April Week 1: Roseola


Pediatrics – Clinical Features of Infants With Primary Human Herpesvirus 6 Infection (Exanthem Subitum, Roseola Infantum) – 1994


A mother brings her ten month old baby girl to clinic for a sick visit with CC “fever.” There is a phone note from the night before documenting mom’s concern about three days of fever with a temperature to 102 at 10 pm last night. You quickly glance at the child’s chart from today and notice she now has a normal temperature of 37 (98.6 Farenheit). She is up to date on her vaccines.

After you walk into the room mom starts saying the following about her baby: “I barely slept last night. I have never seen such a high fever! And she was hot for three days! She didn’t have a fever when the nurse took her temperature here…but she was miserable last night. And now she has this rash. It just popped up this morning out of nowhere so I decided to bring her in.”

You patiently listen to mom and find out the following: the rash doesn’t seem to be itchy or painful, the child has not received any Tylenol this morning, and the infant attends daycare. On ROS, she has been irritable but seems to be happier this morning. Mom denies any eye changes and denies coughing, rhinorrhea, diarrhea, and/or vomiting. Exam is as follows: 
GEN: interactive, babbling; she cries when you approach her but eventually calms
HEENT: b/l erythematous TM; no rhinorrhea; no mouth ulcers; 
RESP: good air entry over lung fields; no crackles or wheezing
CV: RRR, no murmur; cap refill 1 sec
AB: pt crying during abdominal exam; no HSM appreciated 
DERM: blanching macular rash on the neck and trunk

Mom asks you “What is this? Is this measles? There are some kids in the daycare she goes to that aren’t vaccinated. I have no idea what shows up in that daycare.”

• What is your differential diagnosis? What about the history and presentation seems to fit or not fit with these diagnoses?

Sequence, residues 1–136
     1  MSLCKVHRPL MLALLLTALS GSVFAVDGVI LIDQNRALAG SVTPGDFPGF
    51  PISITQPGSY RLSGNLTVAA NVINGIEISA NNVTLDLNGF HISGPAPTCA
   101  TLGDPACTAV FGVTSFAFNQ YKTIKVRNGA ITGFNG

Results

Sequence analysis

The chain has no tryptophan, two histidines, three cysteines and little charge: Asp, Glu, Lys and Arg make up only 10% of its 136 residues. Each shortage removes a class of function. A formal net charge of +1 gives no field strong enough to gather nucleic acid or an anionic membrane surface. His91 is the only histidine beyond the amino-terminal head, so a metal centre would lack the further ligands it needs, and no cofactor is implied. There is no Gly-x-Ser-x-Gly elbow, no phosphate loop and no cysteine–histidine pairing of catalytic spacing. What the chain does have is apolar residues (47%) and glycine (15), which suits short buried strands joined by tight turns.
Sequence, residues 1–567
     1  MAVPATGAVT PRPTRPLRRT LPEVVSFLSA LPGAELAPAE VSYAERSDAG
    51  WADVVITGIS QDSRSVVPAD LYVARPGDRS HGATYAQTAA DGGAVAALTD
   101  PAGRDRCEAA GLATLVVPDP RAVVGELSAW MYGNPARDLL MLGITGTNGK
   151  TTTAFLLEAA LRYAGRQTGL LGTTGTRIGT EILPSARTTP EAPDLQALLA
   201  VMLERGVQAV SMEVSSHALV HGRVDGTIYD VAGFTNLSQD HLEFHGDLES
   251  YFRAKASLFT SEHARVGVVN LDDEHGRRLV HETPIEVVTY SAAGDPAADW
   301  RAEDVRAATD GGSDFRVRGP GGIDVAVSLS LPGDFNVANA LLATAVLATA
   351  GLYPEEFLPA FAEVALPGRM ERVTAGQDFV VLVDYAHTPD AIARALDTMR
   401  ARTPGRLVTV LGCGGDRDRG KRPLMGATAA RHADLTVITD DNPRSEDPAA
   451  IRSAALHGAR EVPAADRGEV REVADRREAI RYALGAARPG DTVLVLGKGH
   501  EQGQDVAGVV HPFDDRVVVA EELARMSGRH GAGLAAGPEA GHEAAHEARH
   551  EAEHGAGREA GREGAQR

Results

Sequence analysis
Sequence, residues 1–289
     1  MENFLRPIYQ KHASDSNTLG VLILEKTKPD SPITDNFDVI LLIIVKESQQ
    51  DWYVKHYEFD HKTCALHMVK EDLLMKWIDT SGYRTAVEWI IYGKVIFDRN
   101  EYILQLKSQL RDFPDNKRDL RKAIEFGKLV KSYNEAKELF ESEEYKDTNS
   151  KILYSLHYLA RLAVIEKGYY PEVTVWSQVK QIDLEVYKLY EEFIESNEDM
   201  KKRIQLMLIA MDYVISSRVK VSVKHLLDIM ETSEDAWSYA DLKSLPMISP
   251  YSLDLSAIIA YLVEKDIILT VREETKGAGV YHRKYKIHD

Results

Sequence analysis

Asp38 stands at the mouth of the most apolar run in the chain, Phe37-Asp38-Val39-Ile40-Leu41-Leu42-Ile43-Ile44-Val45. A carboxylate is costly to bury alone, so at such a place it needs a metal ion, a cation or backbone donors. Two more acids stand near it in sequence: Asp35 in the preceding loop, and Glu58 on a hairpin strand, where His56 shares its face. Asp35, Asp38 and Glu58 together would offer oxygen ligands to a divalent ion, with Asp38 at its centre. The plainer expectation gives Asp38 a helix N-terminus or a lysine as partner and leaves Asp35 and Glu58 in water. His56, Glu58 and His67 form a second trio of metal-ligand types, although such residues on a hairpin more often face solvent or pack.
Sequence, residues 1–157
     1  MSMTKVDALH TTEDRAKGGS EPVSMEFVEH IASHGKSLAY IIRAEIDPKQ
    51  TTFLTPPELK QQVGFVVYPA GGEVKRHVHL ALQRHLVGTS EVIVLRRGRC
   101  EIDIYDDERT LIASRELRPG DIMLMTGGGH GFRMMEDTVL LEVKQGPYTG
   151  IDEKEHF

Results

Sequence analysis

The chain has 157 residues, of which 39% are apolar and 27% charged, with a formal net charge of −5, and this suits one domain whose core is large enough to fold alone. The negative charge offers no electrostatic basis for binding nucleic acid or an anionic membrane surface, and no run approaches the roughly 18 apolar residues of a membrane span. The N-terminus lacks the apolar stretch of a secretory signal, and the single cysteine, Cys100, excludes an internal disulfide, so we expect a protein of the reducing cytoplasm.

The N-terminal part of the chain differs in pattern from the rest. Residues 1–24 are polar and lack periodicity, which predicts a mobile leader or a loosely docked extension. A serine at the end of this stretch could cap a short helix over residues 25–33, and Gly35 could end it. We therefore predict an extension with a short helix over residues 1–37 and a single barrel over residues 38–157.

• What are some alternative names for this illness? 
• What viruses can cause this?
• What age of children typically develops this illness?
• How is this illness spread? 
• What is the typical clinical course of this illness?

You reassure mom that this usually goes away on its own. Mom asks, “But can’t the fever harm her?” You let her know that fevers due to this illness can be associated with seizures (as can all fevers in children of a certain age), but usually there are no complications.

Mom says “So there is nothing I can give her to help this go away? What can I do to prevent this from happening again?”

• What advice would you give the mom at this point? 
Later that night mom decides to take her child to the ED given she is concerned about the fever and the rash. A CBC is drawn.
• What are potential lab findings associated with this illness? 
In the ED mom asks them to test for this specific virus that you mentioned in clinic. 
• As the ED doctor would you test for it?

You find out about the ED visit two weeks later when mom brings in the infant for another visit. Mom says “Well. In the ED they did some blood. It was fine from what they told me. And the rash went away the next day. It just showed up and then went away. She seemed back to normal the following day.” 

Case/Questions written by Dr. Lisa Odaibo, PGY2